data from the nonprofit Institute for the Future
, there are 6 drivers of change in today’s workforce:
1. Extreme longevity: People are living longer–by 2025 the number of Americans older than 60 will increase by 70 percent
2. The rise of smart machines and systems: Technology can augment and extend our own capabilities, and workplace automation is killing repetitive jobs
3. Computational world: Increases in sensors and processing makes the world a programmable system; data will give us the ability to see things on a scale that has never been possible
4. New media ecology: New communication tools require media literacies beyond text; visual communication media is becoming a new vernacular
5. Superstructured organizations: Social technologies drive new forms of production and value creation, and social tools are allowing organizations to work at extreme scales
6. Globally connected world: Diversity and adaptability are at the center of operations–the U.S. and Europe no longer hold a monopoly on job creation, innovation, and political power
The top 10 workforce skills of 2020 include:
1. Sense making: The ability to determine the deeper meaning or significance of what is being expressed. The Drivers: Rise of smart machines and systems
2. Social intelligence: The ability to connect to others in a deep and direct way, to sense and stimulate reactions and desired interactions. The Drivers: Rise of smart machines and systems, globally connected world
3. Novel and adaptive thinking: Proficiency at thinking and coming up with solutions and responses beyond that which is rote or rule-based. The Drivers: Rise of smart machines and systems, globally connected world
4. Cross cultural competency: The ability to operate in different cultural settings. The Drivers: Superstructured organizations, globally connected world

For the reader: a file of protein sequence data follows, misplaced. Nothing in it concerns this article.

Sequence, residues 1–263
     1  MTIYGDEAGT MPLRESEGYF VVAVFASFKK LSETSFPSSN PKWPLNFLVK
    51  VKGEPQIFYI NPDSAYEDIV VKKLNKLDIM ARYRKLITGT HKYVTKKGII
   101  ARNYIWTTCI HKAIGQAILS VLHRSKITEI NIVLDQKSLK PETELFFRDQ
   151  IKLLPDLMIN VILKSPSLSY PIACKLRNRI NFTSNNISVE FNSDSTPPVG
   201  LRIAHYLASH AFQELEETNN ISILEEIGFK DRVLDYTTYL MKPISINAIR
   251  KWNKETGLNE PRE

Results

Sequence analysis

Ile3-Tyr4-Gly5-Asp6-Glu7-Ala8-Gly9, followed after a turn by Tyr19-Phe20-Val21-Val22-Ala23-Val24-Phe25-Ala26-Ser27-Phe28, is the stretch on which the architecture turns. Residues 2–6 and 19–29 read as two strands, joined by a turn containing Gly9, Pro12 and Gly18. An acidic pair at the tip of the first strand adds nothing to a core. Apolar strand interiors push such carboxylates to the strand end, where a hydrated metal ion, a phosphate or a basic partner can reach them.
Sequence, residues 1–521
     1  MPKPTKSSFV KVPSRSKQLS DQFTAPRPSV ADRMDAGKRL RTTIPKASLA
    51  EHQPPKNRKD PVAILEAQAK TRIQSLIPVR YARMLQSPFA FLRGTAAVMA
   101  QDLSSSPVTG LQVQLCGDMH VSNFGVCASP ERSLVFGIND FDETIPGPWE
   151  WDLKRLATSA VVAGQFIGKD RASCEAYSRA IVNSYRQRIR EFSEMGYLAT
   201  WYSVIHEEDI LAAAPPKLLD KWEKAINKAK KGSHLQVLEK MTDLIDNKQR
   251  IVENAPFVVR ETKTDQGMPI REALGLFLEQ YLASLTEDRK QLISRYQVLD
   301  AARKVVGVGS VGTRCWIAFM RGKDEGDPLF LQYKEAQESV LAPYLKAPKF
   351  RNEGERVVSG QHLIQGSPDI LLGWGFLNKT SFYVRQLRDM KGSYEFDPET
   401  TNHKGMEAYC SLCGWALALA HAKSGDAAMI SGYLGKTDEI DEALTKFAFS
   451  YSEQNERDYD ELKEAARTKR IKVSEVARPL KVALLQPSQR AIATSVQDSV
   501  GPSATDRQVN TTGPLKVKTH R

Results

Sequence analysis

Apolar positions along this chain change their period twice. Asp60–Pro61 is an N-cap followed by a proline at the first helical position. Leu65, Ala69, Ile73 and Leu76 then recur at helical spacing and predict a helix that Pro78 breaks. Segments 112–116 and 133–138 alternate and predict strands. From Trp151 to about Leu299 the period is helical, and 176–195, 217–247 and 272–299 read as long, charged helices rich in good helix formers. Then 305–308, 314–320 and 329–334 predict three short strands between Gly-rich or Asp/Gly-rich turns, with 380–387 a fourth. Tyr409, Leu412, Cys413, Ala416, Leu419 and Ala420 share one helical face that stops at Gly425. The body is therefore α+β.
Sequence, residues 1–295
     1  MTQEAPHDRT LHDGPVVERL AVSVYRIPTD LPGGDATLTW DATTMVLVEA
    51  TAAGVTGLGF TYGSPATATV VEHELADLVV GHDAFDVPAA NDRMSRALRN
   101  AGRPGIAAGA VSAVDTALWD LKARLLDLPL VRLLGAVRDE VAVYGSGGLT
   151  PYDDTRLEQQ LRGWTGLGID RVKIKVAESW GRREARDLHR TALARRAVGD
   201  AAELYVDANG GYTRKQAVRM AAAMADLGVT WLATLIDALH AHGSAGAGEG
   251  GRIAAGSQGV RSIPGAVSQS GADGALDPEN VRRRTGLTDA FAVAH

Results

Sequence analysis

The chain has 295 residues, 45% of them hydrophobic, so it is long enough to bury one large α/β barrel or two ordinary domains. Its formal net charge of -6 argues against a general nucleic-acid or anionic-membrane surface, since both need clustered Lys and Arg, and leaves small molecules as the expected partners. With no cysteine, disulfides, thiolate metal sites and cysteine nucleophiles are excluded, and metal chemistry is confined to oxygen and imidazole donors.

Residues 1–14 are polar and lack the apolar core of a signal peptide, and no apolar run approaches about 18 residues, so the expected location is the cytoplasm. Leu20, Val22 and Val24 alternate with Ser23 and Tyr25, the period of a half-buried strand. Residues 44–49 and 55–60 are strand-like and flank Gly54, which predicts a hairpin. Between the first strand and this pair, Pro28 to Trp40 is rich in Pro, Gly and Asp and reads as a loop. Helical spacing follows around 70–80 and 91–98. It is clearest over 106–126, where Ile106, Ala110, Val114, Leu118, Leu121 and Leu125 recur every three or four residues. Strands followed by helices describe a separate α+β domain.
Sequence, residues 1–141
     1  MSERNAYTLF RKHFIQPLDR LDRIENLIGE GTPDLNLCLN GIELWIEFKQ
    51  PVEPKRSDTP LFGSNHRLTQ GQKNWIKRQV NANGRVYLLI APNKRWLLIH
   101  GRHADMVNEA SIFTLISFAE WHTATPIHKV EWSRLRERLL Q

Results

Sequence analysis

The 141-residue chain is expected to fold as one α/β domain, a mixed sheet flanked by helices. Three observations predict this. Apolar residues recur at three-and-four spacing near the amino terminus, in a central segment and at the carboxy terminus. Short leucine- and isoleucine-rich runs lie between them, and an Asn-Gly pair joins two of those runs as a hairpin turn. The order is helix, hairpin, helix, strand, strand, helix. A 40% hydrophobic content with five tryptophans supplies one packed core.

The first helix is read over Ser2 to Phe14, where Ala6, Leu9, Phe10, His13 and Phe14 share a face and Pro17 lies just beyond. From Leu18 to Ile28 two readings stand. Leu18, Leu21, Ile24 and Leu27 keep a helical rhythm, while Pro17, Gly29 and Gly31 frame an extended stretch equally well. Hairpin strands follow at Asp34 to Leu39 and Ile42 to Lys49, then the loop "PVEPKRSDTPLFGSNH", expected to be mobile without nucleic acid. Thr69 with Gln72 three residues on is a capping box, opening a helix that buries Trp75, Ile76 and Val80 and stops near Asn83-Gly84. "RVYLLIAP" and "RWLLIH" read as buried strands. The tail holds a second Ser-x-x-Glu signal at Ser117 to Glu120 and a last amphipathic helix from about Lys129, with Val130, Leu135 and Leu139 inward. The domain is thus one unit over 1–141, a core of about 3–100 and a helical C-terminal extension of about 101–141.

5. Computational thinking: The ability to translate vast amounts of data into abstract concepts and to understand data based reasoning. The Drivers: New media ecology, computational world
6. New media literacy: The ability to critically assess and develop content that uses new media forms, and to leverage these media for persuasive communication. The Drivers: Extreme longevity, new media ecology, Superstructured organizations
7. Transdisciplinary: Literacy in and ability to understand concepts across multiple disciplines. The Drivers: Extreme longevity, computational world
8. Design mindset: The ability to represent and develop tasks and work processes for desired outcomes. The Drivers: Superstructured organizations, computational world
9. Cognitive load management: The ability to discriminate and filter information for importance, and to understand how to maximize cognitive functions. The Drivers: Superstructured organizations, computational world, new media ecology
10. Virtual collaboration: The ability to work productively, drive engagement, and demonstrate presence as a member of a virtual team. The Drivers: Superstructured organizations, globally connected world
more on skills in this IMS blog
Report: Americans Value College Degrees But Say Higher Ed Falls Short on Delivering Promises
By Sri Ravipati 05/12/17
new survey, “Varying Degrees: New America’s Annual Survey on Higher Education,” which involved more than 1,600 individuals in the United States who are ages 18 and older.
explore the data using an interactive tool
data reveal key differences across categories of age, gender, generation, region, socioeconomic status, race and political ideology
- Most respondents want to see changes made in higher ed, with just 25 percent answering the system is “just fine the way it is” and helps students succeed;
- Students want additional help crossing the finish line, with 57 percent of respondents answering that higher ed institutions should help students succeed;
- Just one in three respondents answered that the federal government is having a positive impact on higher ed;
- Two-year colleges and four-year public universities are seen as especially worth the cost compared to other institution types, with 83 percent and 79 percent of respondents respectively saying these institution types “contribute to a strong American workforce”
“Although people believe in higher education generally, they are not satisfied with specific institutions and policies that we have in place right now — they are broadly dissatisfied,”
more on education and employment in this IMS blog